Los Angeles' Allen Matkins cut first-year associate salaries on Tuesday, an indication that cracks are starting to show in the compensation model for new associates.
All first-years at Allen Matkins Leck Gamble Mallory & Natsis are now making $145,000, and those joining in the fall will make that much as well, said managing partner Brian Leck. Some associates at higher levels will also see their pay cut.
The firm has laid off a "small number" of people, but Leck said more layoffs were averted by the salary reductions.
"We have many good people and wanted to keep as many as we could," Leck said. "We believe it's in the best interest of our associates and our clients if we can keep more people rather than less."
Two years ago, associate salaries at top firms leaped to $160,000 and held at that rate last year. With the economic recession, there has been much speculation about whether firms would roll salaries back, and to how much.
Allen Matkins is a 200-plus lawyer firm best known for its real estate and land use practices that has enjoyed a spot in the middle of the Am Law Second Hundred for a while. It joins at least two other Am Law 200 firms that have cut salaries for existing first-years, including Cleveland-based Thompson Hine, and the now-defunct Wolf Block, based in Philadelphia.
But it's clear that firms high on the Am Law 100 list are salivating for a salary cut as well. It has been a sure-fire conversation starter for months now. But so far, no chairman or managing partner has gone on the record saying he or she wants to cut salaries, or by how much.
A firm in the top 10 to 15 will likely never do it, said consultant Peter Zeughauser. It's the firms in the top 30 or 40 that may move the market, and they will do it only if they've "exhausted all other options."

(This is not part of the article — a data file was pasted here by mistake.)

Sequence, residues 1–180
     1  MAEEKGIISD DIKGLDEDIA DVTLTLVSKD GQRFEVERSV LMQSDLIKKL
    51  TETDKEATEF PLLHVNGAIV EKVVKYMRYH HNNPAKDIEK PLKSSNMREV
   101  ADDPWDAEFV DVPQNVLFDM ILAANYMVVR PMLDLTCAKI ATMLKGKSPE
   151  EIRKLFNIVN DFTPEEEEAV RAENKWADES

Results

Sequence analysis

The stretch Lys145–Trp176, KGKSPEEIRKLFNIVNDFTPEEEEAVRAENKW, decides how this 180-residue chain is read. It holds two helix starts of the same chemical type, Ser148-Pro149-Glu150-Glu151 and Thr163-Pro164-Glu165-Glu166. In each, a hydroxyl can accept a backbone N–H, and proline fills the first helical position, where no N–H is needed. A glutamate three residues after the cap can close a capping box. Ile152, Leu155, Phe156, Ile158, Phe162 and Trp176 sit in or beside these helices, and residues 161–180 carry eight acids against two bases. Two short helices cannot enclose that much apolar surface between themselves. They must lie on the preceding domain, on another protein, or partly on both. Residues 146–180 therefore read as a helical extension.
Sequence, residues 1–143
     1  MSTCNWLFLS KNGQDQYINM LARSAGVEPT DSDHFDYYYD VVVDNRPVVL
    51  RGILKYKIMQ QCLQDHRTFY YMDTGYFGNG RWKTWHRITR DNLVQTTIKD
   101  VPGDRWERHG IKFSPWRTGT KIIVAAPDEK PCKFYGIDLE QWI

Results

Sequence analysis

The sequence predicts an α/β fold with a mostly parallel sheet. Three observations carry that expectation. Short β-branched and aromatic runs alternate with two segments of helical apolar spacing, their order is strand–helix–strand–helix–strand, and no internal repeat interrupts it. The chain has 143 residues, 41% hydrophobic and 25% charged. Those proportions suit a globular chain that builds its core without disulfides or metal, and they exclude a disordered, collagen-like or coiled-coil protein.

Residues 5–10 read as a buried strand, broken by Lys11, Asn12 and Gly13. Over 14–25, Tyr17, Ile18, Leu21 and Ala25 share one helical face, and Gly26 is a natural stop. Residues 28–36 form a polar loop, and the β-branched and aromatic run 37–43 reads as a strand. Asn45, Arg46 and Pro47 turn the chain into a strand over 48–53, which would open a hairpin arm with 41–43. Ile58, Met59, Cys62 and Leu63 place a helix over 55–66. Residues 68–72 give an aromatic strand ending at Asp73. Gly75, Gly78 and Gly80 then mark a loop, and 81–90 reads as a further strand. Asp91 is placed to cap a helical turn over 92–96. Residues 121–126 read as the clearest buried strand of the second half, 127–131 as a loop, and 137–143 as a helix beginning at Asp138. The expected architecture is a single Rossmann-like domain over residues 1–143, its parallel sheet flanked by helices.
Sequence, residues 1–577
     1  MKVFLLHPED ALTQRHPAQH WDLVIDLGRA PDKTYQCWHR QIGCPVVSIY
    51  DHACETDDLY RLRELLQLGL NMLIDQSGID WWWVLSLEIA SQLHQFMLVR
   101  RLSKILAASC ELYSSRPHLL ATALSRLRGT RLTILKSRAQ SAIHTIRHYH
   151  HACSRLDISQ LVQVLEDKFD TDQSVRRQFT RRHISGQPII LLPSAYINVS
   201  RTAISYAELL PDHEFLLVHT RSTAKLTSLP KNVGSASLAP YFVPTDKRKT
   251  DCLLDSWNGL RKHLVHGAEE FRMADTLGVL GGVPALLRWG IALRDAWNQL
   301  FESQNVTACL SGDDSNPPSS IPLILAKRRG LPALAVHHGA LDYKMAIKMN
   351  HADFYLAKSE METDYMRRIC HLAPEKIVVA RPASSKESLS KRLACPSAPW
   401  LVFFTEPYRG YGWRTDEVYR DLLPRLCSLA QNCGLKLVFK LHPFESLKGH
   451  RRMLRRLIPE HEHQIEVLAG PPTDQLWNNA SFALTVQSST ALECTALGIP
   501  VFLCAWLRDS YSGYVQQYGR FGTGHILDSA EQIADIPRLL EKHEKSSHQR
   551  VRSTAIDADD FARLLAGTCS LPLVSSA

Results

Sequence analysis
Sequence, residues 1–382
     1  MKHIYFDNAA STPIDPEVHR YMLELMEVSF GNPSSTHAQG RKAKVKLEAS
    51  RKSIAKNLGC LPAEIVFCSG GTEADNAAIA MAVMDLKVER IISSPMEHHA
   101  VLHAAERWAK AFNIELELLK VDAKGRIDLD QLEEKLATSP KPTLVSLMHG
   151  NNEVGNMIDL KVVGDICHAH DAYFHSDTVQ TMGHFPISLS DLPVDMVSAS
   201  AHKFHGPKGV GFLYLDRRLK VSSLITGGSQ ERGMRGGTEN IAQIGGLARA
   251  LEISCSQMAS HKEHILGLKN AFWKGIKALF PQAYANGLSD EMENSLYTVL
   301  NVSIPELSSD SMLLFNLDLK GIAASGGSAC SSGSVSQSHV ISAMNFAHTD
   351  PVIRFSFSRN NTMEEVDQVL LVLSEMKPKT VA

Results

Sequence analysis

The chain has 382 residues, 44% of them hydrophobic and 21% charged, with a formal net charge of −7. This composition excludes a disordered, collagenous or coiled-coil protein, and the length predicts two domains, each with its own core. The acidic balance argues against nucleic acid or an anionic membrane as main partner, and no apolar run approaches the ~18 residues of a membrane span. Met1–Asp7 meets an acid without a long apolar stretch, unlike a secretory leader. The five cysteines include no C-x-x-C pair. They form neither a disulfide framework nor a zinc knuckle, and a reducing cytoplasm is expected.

"That's where it's going to get interesting," he said.
The salary wars first started in California during the dot-com boom when venture-startup firm Gunderson Dettmer Stough Villeneuve Franklin & Hachigian said it would pay all associates $125,000, forcing competitors to follow suit. New York firms reignited the war in January 2007, hiking starting rates to $160,000. Most major California firms followed suit for their New York associates but held the line in-state at $145K until Orrick made a move to $160,000 in May 2007.
This year, many large firms have frozen associate pay, deferred start dates and conducted layoffs.
But cutting pay for incoming associates has been off-limits so far because it affects a firm's ability to recruit top talent, Zeughauser said.
"They want to do it. [But] if the market doesn't follow, then they are left out there alone. ... They need to be convinced that the market will follow," he said. "That means one or two market leaders need to do it first."
One Am Law 100 firm is cutting salaries of incoming associates. Last month, Richmond, Va.-based McGuireWoods lowered starting associate salaries from $160,000 in major cities to $144,000 -- a 10 percent drop. In offices outside major cities, starting associate pay also dropped a tenth, from $145,000 to $130,500, according to managing partner Thomas Cabaniss. The firm froze pay for current associates.
Katharine Patterson, with PattersonDavis Consulting, expected some cracks to show up soon in the incoming associate compensation model.
"Recession is catalytic to change in law firms," she wrote in a recent column for The Recorder.
"This legal recession should result in several great leaps forward: lockstep compensation will die (at last), replaced by more dynamic models that account for productivity and contributions to the firm's long-term institutional identity," she wrote. "I am waiting for 'the reverse Gunderson' -- that moment a big firm officially brings starting salaries down to $145,000. Being the first will take courage, but will forge a better compensation landscape."
On Tuesday, she said Allen Matkins might not be big enough to spark change among the top players, but it's a start.
"This is the law firms responding to the economic climate of their clients," she said. "I don't think it's a bellwether of all firms, but I do think it's an indicator of a smart management thinking proactively rather than reactively."